(July 2) -- Tibet's government-in-exile reacted angrily today to China's move to determine who will succeed the Dalai Lama when he dies.
Word that the next Dalai Lama must have approval from Beijing was not greeted well by Tibetans. Here the Dalai Lama greets monks at Radio City Music Hall on May 20. (Photo: Mario Tama, Getty Images)
"Neither the Tibetans in Tibet nor those in the free world would recognize a Dalai Lama appointed by China," Tseten Samdup Chhoekyapa, the Dalai Lama's representative in Geneva, told AOL News today. "The Dalai Lama is there to lead the Tibetan people both spiritually and politically. But any Lama appointed by the Chinese would have a hidden agenda: the control of the Tibetan people."
Tibet has been led by different men believed to be the Dalai Lama -- reincarnated leaders inhabited by the soul of a bodhisattva, or enlightened being -- for much of the past 400 years. But the current and 14th Dalai Lama, Tenzin Gyatso, was forced into exile in 1959 following a failed uprising against Chinese rule. Since then, he has peacefully campaigned for limited autonomy for his homeland. China, however, accuses him of being a violent terrorist intent on returning Tibet to feudalism and dividing the People's Republic.
On Thursday, a senior Communist Party official explained to foreign journalists how it would stop future Dalai Lamas from causing as much trouble as Gyatso. From now on, the selection of reincarnations -- known to the Chinese as living Buddhas -- would follow a set process and end with approval from Beijing.
"If you understand the history of Tibet, you will find that there are strict historical conventions and religious rituals for the reincarnations of living Buddhas in Tibetan Buddhism," Hao Peng, a deputy party secretary and vice chairman of the Tibet Autonomous Region, told The New York Times. "This was determined as early as the Qing dynasty."
According to Hao, the process of picking a new religious leader works like this: Names of "soul children" -- kids thought to be reborn senior monks -- are attached to rods and then placed in an old ceremonial vessel known as the Golden Urn. Monks then pick out a stick and ask the central government to approve the choice. (In 2007
, authorities quietly introduced a law that declared, "The so-called reincarnated living Buddha without government approval is illegal and invalid"). If the government says "yes," that boy or girl child is recognized as the Dalai Lama reincarnate.
But many Tibetans Buddhists don't believe the Golden Urn is a truly Tibetan method of selection. That's because the system was introduced only in the late 18th century on the orders of Chinese emperor Qianlong, who wanted to boost his influence in the country. As Chinese influence waned in Tibet, the locals went back to using their own soulful tools. A Dalai Lama has not been picked using the urn since 1858.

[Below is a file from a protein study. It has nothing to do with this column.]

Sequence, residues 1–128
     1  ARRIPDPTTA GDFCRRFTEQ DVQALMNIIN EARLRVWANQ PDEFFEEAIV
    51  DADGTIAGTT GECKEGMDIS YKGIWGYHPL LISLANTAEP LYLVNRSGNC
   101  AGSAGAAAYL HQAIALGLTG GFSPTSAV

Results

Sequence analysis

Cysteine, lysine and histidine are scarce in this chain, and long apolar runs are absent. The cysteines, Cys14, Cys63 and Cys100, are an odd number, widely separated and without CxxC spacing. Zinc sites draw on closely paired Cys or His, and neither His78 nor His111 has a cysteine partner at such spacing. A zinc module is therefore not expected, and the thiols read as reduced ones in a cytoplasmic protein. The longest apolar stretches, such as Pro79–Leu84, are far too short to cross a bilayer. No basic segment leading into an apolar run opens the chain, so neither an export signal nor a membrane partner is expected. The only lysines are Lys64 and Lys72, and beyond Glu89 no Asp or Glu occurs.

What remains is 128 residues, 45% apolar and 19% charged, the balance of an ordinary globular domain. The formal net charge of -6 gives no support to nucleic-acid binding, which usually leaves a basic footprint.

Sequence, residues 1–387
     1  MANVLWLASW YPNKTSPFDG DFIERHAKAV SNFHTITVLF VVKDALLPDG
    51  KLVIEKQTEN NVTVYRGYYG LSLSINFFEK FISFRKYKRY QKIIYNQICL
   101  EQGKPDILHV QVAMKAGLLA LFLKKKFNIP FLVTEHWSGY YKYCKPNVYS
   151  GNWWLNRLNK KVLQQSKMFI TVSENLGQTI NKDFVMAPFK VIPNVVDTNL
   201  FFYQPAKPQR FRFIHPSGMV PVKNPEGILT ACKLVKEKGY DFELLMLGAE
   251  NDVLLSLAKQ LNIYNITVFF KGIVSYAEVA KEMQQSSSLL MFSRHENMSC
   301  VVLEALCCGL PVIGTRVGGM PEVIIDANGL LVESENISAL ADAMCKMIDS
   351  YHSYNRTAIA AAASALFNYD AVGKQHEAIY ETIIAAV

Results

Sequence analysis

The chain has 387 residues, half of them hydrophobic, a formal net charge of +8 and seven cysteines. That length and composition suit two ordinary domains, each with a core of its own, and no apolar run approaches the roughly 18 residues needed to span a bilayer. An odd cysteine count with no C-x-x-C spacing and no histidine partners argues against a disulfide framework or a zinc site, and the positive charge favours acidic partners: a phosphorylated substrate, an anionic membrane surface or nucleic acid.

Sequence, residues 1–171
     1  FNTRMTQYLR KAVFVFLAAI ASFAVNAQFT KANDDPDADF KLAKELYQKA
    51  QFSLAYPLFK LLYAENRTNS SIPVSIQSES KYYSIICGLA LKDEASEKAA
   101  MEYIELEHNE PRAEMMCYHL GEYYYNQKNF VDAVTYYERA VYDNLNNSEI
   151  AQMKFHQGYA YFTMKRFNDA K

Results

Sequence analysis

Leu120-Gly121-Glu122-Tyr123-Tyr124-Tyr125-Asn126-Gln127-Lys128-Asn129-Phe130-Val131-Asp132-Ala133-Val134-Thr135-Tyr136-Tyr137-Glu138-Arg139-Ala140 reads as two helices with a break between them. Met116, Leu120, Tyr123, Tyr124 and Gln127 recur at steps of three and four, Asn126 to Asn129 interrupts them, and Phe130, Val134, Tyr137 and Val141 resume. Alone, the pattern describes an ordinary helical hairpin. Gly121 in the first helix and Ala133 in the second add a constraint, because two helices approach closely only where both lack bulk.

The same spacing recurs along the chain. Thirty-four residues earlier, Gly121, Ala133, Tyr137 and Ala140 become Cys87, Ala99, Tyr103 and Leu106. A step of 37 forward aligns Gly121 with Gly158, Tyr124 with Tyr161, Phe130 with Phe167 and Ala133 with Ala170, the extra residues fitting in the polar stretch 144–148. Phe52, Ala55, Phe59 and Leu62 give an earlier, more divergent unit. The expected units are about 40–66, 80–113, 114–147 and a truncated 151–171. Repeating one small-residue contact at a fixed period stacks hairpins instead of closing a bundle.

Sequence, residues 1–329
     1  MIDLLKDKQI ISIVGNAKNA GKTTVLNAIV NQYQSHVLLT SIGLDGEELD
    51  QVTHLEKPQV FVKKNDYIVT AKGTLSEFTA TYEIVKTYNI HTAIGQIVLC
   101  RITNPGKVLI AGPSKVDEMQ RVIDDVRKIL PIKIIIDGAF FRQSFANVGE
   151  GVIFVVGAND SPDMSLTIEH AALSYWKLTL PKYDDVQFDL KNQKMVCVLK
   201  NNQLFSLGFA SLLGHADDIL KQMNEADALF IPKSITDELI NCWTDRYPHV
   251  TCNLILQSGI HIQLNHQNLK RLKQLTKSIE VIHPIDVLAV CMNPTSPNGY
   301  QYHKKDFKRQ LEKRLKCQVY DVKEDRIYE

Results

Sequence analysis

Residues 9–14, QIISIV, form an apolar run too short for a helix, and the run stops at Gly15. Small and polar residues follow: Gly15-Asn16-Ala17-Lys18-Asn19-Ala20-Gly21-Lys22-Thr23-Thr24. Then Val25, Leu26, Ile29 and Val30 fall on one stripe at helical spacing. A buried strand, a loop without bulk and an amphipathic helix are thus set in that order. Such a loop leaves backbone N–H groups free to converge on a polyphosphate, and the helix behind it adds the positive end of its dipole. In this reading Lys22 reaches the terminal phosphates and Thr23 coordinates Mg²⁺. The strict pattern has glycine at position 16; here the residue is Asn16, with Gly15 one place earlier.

Tibetans today still have good reason to be distrustful of any selection process involving that shiny relic. When the Dalai Lama announced in May 1995 that a search inside Tibet had revealed the 11th reincarnation of the Panchen Lama
-- the second most powerful monk in Tibetan Buddhism, behind the Dalai Lama -- communist officials used the Golden Urn to find their own soul child. Unsurprisingly, the stick pulled out of the urn belonged to Beijing's favored candidate, Gyaincain Norbu, the 6-year-old son of two Communist Party members. (Some observers noticed his stick was longer than the others.)
The 6-year-old boy chosen by the Dalai Lama to replace the Panchen disappeared later that year, along with his entire family. "He would now be 21," Chhoekyapa said. "We're exceptionally worried about him, as we haven't heard anything since he and his family were arrested."
Hao claimed that the Dalai Lama's candidate, Gedhun Choekyi Nyima
, was safe and well. "We know that he is studying now and living in quite good conditions," he told the Times. "His family members and him do not want to be disrupted in their normal life."
Many Tibetans regard the Beijing-approved Panchen -- who was educated in China and is brought out on ceremonial occasions -- as a Communist Party puppet. "He is not regarded very well within Tibet, I'm afraid, except for the few Tibetans who closely serve him," Chhoekyapa said. "It's not to do with who he is, but the fact that the Chinese appointed him."
To prevent a repeat of the Panchen problem, the 14th Dalai Lama -- who turns 75 next week -- and fellow exiles are now reviewing how the faith's 15th leader should be selected. The methods being considered to stop Beijing from hijacking the succession process include allowing the Dalai Lama to pick his successor before he dies, or giving that power to a college of select senior monks.
It's also possible, said Chhoekyapa, that the Dalai Lama may decide that his successor will be found outside Tibet. It's happened before: the fourth Dalai Lama materialized in Mongolia, and the sixth in India.
"His Holiness escaped Tibet in 1959 because the Chinese did not allow him to lead his people spiritually and politically," Chhoekyapa said. "He said that he would stay in exile until he can carry out that role. So why would his reincarnation be born in Tibet, if that wish has still not been fulfilled?"